It’s time to lavish yourself with the positive attention you deserve and put some energy into the most important person in your life: you! It’s a great day to splurge on a gift you’ve long wanted. You might even want to celebrate yourself in a dramatic way by scheduling a day off to use however you wish.

Page 3

House panel to seek clarification from health minister over Omni deal

Officials involved in the matter defend it saying fast-track process was adopted to get essential goods at the earliest.

The Public Account Committee of the House of Representatives has decided to summon Minister for Health Bhanubhakta Dhakal after recording statements from officials involved in the controversial deal to procure Covid-19-related medical goods and equipment through Omni Business Corporate International.
In their statements on Tuesday, all three officials— health minister’s advisor Dr Khem Karki, former health secretary Yadav Koirala and former director-general of the Department of Health Service Mahendra Shrestha—involved in the procurement decision, which landed in a controversy over exorbitant pricing of the goods, defended themselves when asked about their questionable roles in the deal.
“We had invited them [the trio] to seek clarification over a committee report about the controversial procurement decision,” said Bharat Kumar Shah, chairperson of the committee. “We will soon invite the minister for health to seek clarification from him as well,” he added.
The report Shah referred to, confirmed that due process was not followed in awarding the procurement contract to Omni, and Dr Karki acted beyond his jurisdiction to play the lead role in selecting the supplier.
The deal landed in controversy after it was revealed that the government didn’t follow the due process while selecting the supplier. Its decision to awarding the contract to a company that quoted higher prices compared to its competitors also prompted the government to terminate the deal on April 1. Authorities even questioned the ability of the company to deliver the goods on time after its first batch of medical goods arrived in Kathmandu.
The medical goods, particularly rapid diagnostic test kits, were found to be substandard, according to the Nepal Health Research Council.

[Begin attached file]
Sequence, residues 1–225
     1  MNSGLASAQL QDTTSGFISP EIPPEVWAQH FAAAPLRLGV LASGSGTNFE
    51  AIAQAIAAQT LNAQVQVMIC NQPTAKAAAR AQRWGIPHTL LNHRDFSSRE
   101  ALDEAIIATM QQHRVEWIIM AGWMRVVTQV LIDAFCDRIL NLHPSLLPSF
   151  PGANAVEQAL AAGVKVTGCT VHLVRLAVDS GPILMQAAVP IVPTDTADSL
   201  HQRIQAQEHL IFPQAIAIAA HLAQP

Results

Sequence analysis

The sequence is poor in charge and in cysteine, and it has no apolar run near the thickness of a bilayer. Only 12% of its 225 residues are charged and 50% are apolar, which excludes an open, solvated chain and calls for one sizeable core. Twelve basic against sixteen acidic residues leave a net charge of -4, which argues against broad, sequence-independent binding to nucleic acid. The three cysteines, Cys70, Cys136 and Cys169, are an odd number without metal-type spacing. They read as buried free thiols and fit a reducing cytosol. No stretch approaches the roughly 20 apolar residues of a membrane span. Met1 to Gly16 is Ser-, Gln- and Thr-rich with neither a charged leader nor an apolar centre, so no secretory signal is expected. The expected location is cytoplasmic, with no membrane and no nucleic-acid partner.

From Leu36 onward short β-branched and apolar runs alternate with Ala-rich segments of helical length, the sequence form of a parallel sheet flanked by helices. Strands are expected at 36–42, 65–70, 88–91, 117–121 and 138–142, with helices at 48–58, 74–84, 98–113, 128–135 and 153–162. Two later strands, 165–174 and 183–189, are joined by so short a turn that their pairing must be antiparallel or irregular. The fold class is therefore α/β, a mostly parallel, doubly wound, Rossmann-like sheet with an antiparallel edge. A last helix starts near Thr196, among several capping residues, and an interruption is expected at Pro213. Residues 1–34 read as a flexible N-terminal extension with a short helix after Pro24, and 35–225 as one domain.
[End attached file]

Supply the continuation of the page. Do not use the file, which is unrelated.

In his statement to the committee, Karki downplayed his role in selecting the supplier saying that he participated in the negotiations for less than 30 minutes. “I had no personal interest in participating in the negotiations with the bidder. I just participated out of compulsion to ensure that the country gets urgently needed medical goods,” he said.
The ministry had formed a negotiating team under Karki’s leadership to select the supplier for the essential equipment. The parliamentary committee said that Karki, an advisor to the health minister, didn’t have the legal authority to make recommendations in procurement deals. But, Karki said he didn’t know why he was chosen to lead the negotiating team.
The government on March 26 had assigned Omni Business Corporate International to purchase medical equipment from China after the first cases of coronavirus were reported in the country. Omni brought in its first cache of supplies on March 29, but the Health Service Department cancelled the agreement on April 1 after the deal courted controversy.
According to health ministry officials, Karki not only exercises ‘undue influence’ over the ministry’s decision-making process but is also heavily involved in the transfer of officials from one station to another.
Former secretary Yadav defended the ministry’s decision to assign Dr Karki to coordinate the procurement. “As Karki is an expert and also a government official, he was chosen to lead the negotiating team,” he said. “A ministry team, which included Dr Roshan Pokharel, chose Karki for the job. They may have made a mistake in the legal point of view.”
Former director-general of Department of Health Service Shrestha said Karki was given responsibility legal provisions are silent on who gets to be on the negotiating team. “He had been given the responsibility to just select the supplier,” he said.
The trio said that the ministry decided to award the contract to Omni at the earliest as the country was in great need of medical goods after Covid-19 cases started to soar.
They also said that the supplier was chosen through a fast-track procurement process as per instructions from the erstwhile High-Level Committee for Prevention and Control of Covid-19 led by Deputy Prime Minister and Defence Minister Ishwar Pokhrel.
But, lawmakers said they were not satisfied with their response. Minendra Rijal, a member of Nepali Congress lawmaker and member of the committee, said that clarification submitted by the trio wasn’t satisfactory. “Nobody wanted to take the responsibility for the decision,” he said. “The committee will take the necessary decisions after recording the minister’s statement.”


Ministry mulls allowing local governments to resume schools in areas with lower risk of Covid

Public health experts say any activity that brings people together isn’t safe as number of cases are still soaring.

While health experts have cautioned that the country is still under the threat of Covid-19, the Ministry of Education has prepared a plan
to allow local governments and respective schools to resume academic activities.
The provision will come into effect after approval from the federal government, which could possibly take a decision from the next Cabinet meeting. According to the proposal, schools will resume classes at the local level where there is a low threat of the pandemic.